March 21, 2002 | By: Laura Skillman

Abandoned animal feedlots can have an impact on rural groundwater resources. A long-term study by the Kentucky Geological Survey and University of Kentucky College of Agriculture is looking at what can be done to eliminate the high nitrate levels found at some locations.

The project dates back to when a water well testing program was done in the 1990s, said Mike Smith, Henderson County Extension agent for agriculture and natural resources. During the testing, some farmers discovered elevated nitrate levels in their family wells. Some were corrected by replacing faulty well cases, but others were not.

Smith said they began looking to see what changes needed to be made agriculturally to reduce the problem in other wells. At one location, there was nothing the producer was doing today that was impacting the water. Instead, it was determined an old dairy site not used for 30 to 40 years was where the high nitrate levels were coming from.

The study has received several grants over the years to operate, and much of the work today is done by Glynn Beck, Kentucky Geological Survey.

The cooperative effort between all parties, especially the farmer, made the project work, said Smith. There was a lot of give and take within the project.

"We tried to do everything within the realm of operation of the farm," he said. "That's critical."

Smith said the research on the fragipan soils in Henderson can have statewide implications and beyond. Little work had been done on the effect of abandoned animal lots on fragipan soils, he said.

While an active lot contains animals, a semi-impervious, compacted soil layer forms from the animal traffic, Beck explains. That compaction, combined by the swelling wet manure, inhibits the vertical movement of nitrates. After a lot is abandoned, the manure and soil dehydrate and become cracked over a period of years. Once surface cracks form, percipitation can move vertically through the soil-manure and transport nitrates to the water table, he said.

Health risks associated with nitrates are particularly high in infants, pregnant women and persons of all ages with reduced gastric acidity. Elevated nitrate rates can also adversely affect livestock.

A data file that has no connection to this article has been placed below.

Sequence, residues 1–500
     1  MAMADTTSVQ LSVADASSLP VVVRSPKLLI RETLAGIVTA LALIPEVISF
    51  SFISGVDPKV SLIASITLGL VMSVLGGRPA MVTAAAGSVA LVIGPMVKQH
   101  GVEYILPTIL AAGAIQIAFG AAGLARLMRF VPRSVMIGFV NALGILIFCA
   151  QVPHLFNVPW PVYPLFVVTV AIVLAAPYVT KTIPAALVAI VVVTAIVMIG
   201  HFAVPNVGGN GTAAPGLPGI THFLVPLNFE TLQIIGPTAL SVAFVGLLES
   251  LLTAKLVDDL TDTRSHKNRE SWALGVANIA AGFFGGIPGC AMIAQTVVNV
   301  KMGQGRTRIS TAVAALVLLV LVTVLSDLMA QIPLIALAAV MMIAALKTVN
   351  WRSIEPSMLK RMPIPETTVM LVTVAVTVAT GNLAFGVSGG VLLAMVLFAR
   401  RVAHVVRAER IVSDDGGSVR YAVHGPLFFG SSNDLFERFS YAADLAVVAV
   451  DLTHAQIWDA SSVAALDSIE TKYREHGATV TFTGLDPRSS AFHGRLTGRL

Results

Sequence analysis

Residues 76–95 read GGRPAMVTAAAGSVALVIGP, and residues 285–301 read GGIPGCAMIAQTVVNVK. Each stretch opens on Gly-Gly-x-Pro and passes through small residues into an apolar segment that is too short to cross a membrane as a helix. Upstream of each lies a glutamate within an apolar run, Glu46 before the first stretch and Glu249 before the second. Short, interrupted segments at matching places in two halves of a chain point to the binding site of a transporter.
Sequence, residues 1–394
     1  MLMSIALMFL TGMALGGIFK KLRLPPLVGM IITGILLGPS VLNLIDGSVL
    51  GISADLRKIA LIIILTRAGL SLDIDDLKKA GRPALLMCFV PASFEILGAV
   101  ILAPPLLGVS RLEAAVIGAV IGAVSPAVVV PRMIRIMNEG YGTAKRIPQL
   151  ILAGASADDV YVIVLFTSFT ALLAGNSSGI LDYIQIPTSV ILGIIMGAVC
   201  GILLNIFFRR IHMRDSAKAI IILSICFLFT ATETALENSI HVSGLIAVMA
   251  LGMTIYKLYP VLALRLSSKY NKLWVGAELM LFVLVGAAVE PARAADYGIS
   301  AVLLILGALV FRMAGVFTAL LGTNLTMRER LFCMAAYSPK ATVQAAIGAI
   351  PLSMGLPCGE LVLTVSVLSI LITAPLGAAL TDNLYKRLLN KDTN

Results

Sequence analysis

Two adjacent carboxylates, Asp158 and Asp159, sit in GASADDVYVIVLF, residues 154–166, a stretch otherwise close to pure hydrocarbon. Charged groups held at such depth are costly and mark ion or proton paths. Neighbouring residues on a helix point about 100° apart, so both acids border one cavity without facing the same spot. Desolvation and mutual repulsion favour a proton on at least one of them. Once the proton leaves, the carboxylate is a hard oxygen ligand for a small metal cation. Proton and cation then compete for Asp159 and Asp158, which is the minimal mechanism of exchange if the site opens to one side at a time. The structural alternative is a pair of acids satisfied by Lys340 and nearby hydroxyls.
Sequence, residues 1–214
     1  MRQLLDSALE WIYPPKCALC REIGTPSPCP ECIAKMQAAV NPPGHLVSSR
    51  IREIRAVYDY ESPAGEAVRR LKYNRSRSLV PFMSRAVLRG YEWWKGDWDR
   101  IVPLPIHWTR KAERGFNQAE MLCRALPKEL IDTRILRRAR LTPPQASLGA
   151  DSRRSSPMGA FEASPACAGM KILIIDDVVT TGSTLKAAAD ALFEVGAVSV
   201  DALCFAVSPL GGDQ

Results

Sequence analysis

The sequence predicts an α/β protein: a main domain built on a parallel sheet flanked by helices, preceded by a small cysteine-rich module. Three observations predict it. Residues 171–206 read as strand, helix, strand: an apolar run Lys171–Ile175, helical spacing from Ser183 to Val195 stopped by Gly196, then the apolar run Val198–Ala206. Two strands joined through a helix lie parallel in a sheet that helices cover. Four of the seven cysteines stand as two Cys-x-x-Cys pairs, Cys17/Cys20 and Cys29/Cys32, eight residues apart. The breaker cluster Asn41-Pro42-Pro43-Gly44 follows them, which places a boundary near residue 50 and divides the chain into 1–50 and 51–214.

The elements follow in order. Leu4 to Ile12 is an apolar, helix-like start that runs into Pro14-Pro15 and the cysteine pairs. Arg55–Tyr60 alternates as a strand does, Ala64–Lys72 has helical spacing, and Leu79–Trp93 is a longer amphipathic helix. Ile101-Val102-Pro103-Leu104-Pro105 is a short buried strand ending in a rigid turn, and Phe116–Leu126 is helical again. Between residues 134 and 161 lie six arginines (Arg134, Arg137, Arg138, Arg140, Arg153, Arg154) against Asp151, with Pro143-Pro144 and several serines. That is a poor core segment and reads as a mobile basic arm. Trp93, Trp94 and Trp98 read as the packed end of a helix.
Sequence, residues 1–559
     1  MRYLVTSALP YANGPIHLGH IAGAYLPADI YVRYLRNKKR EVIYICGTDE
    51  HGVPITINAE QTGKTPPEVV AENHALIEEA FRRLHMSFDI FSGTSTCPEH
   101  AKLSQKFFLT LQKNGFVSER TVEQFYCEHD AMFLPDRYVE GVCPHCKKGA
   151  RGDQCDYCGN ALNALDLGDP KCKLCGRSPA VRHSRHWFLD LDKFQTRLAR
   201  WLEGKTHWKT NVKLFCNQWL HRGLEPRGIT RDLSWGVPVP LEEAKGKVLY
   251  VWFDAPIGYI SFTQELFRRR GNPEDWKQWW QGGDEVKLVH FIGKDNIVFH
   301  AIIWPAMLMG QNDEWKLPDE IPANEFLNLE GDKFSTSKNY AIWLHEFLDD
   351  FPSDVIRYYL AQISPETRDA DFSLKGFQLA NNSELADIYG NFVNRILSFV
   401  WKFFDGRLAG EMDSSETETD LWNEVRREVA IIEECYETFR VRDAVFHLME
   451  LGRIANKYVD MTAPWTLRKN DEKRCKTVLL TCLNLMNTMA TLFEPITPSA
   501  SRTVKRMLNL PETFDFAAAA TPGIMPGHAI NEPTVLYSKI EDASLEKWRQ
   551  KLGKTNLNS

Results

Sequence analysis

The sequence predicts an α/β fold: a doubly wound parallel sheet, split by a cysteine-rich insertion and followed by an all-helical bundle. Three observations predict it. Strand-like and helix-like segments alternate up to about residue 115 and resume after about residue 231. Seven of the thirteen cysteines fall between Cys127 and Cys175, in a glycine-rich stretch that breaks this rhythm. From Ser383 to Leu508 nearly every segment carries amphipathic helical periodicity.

Current research has identified five abandoned feeding lots in western Kentucky. Four sites have high nitrate levels and septic tanks have been ruled out as a possible source. One of the sites is the dairy location. Groundwater samples in active row crop settings on the farm had nitrate levels four times less than the well, ruling out active farming practices as the cause.

Soil cores and monitoring wells were installed at the abandoned feedlot and from these soil cores a remediation plan was developed. Five hundred eighteen cubic yards of organic rich soil was removed and spread on a nearby pasture field. The excavated area was back filled with native soil and leveled to the original grade.

Funds are being sought now to sample monitoring wells and collect soil cores over the next three years to determine if nitrate concentrations begin to decrease within the soil column and shallow sandstone aquifer at the Henderson County site.

Additionally, Beck said he hopes to receive funding to determine locations of additional abandoned feedlots and to assess their impact on shallow groundwater resources in western Kentucky. Once sites are identified additional wells may be installed and soil cores may be taken, and additional site remediations may occur based on future findings.

Identifying these locations can aid in determining the environmental impact of abandoned feedlots. In the Green River Area Development District alone, Beck noted that more than 9 million animals were on farms between 1930 and 1999.

For more information contact Beck at (270) 827-3414.


Glynn Beck, (270) 827-3414 and Mike Smith, (270) 826-8387